My background is more farm and factory than university so academic excellence hasn’t come naturally to me. But over time by watching people who excelled in their field and reading books such as Battle Hymn of the Tiger Mom and Talent is Overrated I have learned the key to doing well at most things.

The first key to achievement is getting rid of the talent excuse. Modern researchers have sought in vain to find people who are actually talented. For example, Tiger Woods isn’t great because he’s talented; he’s great because he has practiced more than anyone in the world. What we call “talent” is actually good coaching and long hours of intentional practice. Now there are occupations that require certain physical traits such as basketball, sprinting, and bobybuilding or, in the cognitive realm, astrophysics and number theory. However, these exceptions aside, most people can do anything they want if they will put in enough effort in an intelligent manner. [If you do want to get smarter, play this game 15 minutes a day and eat butter.]

To succeed in seminary (or your school or job) you simply have to work hard. That sounds daunting, but it isn’t and it doesn’t require long hours. It requires focused hours. When thinking about work, think in terms of getting stuff done rather than hours spent. At the library I often see people who spend half their time talking or checking email. That’s fine if that’s what they want to do, but that isn’t working. The same held true at my engineering job. People would tell me they couldn’t get their assignments done on time, but they only spent 4 hours a day working. I found that it was fairly easy to get ahead at work, or have a good GPA, if I spent more of my day actually working.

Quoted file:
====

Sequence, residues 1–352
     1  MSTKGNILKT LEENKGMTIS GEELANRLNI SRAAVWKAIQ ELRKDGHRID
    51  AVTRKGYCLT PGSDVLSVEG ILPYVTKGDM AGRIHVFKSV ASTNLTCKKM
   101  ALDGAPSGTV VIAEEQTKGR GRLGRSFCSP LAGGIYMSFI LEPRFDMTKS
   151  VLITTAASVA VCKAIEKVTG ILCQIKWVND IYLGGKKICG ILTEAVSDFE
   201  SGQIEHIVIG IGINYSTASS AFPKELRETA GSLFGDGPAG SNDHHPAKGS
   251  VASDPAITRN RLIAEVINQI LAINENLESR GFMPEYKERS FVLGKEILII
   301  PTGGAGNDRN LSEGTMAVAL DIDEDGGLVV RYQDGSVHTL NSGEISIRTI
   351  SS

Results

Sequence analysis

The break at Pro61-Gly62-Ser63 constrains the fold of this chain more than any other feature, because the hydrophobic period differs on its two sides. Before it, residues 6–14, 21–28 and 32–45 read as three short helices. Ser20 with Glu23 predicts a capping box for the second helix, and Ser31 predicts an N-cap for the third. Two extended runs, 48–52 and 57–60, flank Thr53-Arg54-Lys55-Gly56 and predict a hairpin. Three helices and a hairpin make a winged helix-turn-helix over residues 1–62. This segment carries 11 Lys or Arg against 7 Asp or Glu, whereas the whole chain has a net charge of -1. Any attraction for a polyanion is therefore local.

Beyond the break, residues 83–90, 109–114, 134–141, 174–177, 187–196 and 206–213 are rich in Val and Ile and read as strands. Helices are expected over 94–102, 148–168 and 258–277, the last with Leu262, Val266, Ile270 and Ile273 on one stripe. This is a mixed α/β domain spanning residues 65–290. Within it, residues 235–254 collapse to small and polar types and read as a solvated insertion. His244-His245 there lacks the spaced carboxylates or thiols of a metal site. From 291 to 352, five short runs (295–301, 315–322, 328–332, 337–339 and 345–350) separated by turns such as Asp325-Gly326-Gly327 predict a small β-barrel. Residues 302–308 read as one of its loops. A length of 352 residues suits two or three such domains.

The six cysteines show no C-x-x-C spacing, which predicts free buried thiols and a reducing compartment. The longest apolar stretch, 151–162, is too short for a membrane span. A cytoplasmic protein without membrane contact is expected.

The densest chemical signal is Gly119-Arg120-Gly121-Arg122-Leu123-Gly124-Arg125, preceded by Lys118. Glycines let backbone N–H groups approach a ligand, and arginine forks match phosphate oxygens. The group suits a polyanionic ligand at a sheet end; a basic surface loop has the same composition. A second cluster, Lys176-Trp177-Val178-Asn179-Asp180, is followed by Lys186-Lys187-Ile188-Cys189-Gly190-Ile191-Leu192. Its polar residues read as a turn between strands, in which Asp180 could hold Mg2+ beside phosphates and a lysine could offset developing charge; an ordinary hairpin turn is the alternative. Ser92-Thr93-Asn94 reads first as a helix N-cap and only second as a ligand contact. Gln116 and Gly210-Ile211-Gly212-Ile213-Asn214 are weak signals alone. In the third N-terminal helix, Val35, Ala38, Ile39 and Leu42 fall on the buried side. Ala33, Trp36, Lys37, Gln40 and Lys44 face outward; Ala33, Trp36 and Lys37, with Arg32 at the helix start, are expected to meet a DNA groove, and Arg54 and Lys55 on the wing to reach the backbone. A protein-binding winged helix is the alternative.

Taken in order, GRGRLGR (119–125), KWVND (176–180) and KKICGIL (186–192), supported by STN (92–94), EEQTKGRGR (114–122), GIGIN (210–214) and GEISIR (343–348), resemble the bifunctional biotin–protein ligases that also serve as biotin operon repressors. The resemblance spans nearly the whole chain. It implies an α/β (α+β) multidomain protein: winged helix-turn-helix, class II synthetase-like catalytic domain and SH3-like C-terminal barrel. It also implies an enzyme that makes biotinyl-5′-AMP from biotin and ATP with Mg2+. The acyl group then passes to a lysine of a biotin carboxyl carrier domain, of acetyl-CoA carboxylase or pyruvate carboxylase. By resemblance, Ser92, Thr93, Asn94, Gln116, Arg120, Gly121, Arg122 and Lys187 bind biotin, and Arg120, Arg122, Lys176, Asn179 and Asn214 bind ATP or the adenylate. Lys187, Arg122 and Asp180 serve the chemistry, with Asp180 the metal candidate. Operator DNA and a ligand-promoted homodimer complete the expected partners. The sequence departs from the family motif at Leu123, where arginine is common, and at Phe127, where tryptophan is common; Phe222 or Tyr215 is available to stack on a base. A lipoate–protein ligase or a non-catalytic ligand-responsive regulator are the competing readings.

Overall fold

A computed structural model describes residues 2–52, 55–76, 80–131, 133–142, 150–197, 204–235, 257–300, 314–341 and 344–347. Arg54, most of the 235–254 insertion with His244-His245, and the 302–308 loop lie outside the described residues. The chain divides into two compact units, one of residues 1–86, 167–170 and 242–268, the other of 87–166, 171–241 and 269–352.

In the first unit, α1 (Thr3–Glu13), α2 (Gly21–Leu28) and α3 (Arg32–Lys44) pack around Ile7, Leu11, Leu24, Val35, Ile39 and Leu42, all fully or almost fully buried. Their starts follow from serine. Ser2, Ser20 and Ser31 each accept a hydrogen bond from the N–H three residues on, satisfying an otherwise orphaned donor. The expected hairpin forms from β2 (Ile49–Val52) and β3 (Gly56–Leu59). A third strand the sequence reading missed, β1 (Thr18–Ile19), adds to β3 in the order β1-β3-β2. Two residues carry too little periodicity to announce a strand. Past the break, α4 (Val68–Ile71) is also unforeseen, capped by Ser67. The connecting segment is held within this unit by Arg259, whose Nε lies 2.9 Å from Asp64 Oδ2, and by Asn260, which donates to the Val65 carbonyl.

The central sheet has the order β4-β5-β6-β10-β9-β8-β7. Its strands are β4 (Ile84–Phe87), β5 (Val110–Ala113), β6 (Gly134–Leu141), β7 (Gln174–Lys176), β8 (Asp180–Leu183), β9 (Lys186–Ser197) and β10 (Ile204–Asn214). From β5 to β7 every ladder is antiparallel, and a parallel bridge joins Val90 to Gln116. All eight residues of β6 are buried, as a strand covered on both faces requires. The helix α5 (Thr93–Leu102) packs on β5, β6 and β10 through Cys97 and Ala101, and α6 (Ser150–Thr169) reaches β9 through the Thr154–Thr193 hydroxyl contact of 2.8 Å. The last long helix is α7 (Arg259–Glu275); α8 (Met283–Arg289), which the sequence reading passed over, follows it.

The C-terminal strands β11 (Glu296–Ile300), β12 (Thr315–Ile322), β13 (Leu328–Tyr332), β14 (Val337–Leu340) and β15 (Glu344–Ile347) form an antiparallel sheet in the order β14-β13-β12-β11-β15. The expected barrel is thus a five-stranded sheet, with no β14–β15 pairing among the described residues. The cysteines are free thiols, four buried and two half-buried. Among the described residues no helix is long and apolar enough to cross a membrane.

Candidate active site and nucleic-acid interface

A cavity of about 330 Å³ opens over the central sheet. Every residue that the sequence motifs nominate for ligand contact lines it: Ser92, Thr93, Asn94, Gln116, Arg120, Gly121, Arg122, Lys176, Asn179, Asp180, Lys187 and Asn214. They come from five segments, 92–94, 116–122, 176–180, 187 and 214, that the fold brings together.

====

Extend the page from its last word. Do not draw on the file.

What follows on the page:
If you read research on exceptional performance you will come across the number 10,000 over and over. The belief these days is that it takes 10,000 hours of intentional practice to master most any subject. Interestingly, that even applied to the Beatles – there were like everyone else until they started playing ten hours a day. I’m saying this because many people in academic settings don’t put in the hours, focused or otherwise. At most jobs you have to work a certain number of hours a week, but at school you are only accountable to yourself. I’ve found it helpful to treat school like a job. I try to start at 8 am, go home for lunch at noon, and then come home at 5 pm, as I would have when I worked as an engineer.

If you are going to measure something, measure how long you spend focused on your task. In fact, adding just one hour per day of focused work to your schedule amounts to over 1300 hours in just five years. That’s a pretty painless way to get really good at something.

Put in lots of focused hours and smile to yourself when people tell you how gifted you are.

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